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Slaughter Pen Cut: A ghost’s nightmare

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During the summer of 1877 a railroad appeared at the doorsteps of Tryon, N.C. and a business decision was made to extend the tracks up a mountain that was referred to at the time as the Saluda Mountain (Melrose Mountain). Times were different back then, when decisions could be made in short order and work would begin in earnest. Within six-months, railroad men cut a 21-mile steep trench up the mountain and through the wilderness to Hendersonville.

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When the steep grade was completed, the rail system would be used to bring coal down from Andover V.A., through Tryon, into Spartanburg and then finally to Belmont, N.C. where a Duke Power plant was waiting. Most of the 620 mile round trip was considered routine but the Saluda Grade was far from it.

Under safe and controllable speeds the 14-mile stretch of track between Saluda and a Tryon could be done in around 20 minutes; however the ghosts that accommodate the now infamous points along the track might attest that their trip was fast and ferocious.

The grade of the railroad strengthened the definition of the word steep; in fact the grade set a record for being the steepest standard gauge railroad track in the U.S. It was so steep, that several horrendous train wrecks described both human beings and livestock being driven into the earth with such force that it took days and even weeks to exhume their burnt and demolished remains.

The trains that traveled the track were dreadfully long, some measuring more than a mile, pulling more than 13,000 tons of coal. The massive trains, armed with three lead engines would craw into Saluda station where they would set their dynamic brake systems, check their safety mechanisms and say their prayers. A road-foreman-of-engines from Hendersonville dedicated to piloting the massive amount of machinery down the grade would board the train and take over the controls and do whatever he could to prevent a free-wheeling ride into eternity.

According to officials of the Southern Railway, Saluda was considered a train engineers nightmare, where each train car would struggle over a 1.4 percent upgrade then contort each car, one-by-one, over an apex destined to a maximum 4.9 percent downgrade plunge. According to Norfolk Southern track officials, cars were known to snap apart at the couplings as the men in the caboose watched in horror as they radioed the road foreman a mile ahead at the front of the train with the bad news.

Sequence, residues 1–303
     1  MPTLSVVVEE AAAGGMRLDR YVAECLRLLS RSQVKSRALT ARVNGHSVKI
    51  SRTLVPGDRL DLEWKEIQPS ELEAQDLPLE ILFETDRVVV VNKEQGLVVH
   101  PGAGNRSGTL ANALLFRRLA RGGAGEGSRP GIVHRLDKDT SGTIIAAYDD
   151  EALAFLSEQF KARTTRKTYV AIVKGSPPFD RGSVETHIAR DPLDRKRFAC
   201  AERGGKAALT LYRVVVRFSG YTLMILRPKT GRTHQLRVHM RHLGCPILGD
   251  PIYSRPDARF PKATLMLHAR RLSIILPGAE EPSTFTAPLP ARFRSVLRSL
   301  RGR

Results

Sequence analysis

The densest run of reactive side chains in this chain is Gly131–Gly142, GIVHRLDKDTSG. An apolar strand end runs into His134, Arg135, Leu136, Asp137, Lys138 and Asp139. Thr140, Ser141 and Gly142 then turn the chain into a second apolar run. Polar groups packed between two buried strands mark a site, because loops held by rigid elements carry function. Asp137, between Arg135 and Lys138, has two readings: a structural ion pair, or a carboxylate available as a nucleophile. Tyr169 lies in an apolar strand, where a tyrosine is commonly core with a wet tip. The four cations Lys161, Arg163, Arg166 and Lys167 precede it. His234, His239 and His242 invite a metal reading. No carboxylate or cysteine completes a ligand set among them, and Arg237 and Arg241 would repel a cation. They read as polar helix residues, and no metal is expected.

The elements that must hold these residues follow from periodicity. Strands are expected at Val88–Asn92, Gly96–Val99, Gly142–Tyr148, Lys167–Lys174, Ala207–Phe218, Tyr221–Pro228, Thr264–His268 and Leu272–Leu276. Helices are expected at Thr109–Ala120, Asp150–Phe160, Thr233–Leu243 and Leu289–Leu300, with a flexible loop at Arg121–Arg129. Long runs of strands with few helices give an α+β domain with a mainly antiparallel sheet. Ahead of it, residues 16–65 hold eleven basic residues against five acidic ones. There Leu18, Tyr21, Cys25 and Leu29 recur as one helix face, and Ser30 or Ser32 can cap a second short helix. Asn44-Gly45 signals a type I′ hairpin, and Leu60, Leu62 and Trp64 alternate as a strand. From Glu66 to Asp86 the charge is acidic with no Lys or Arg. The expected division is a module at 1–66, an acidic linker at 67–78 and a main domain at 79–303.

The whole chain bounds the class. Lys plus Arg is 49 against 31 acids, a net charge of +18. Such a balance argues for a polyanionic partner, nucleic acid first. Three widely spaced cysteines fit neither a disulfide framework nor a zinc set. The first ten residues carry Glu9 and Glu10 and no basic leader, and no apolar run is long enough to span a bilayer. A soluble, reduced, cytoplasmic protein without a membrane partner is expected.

Mother Nature created another rail man’s dare when torrential rains washed out an area of the track at the climax of an 11-degree curve rendering a danger-name Sand Cut. It wasn't until enough lives had been lost through crude trial-and-error rail runs that Norfolk Southern Railroad began installing expensive safety features.

At first the railway employed full time switch-men who were posted at run-off points to listen for blaring train horns screaming for help as the train charged out of control down the grade. Signalman manning the spurs would pull the switch just in time to keep the train from tumbling into doom.

Later high-tech CTC signaling systems were installed, armed with automated timers and switching circuits. But even with the advancing rail technology in place, train wreaks continued to happen up until the mid-70.

Near the foot of the track close to Tryon Station, ghosts of the unfortunate souls may still exist but few have the opportunity to visit them. Slaughter Pen Cut lived up to its name after a wreck took the lives of more than 35 cattle and several men. The notorious location made railroad history where in 1903 at least two out of control trains entered the curve at speeds reported by some accounts as being between 60 and 100 miles an hour. Everyone from engineers, fireman, cattle and hobos lost their lives in the mangled wreckage.

Today the track sits dormant with most of the railroad signaling equipment covered in fabric, smashed and weathered out of commission along the track. There have been discussions of passenger train companies once again traveling the tracks and Rails-to-trails conversions projects but to date, the plans remain pipe dreams. The dormant tracks still remain under the guardianship of Norfolk Southern with no intentions of abandoning the line in the distant future.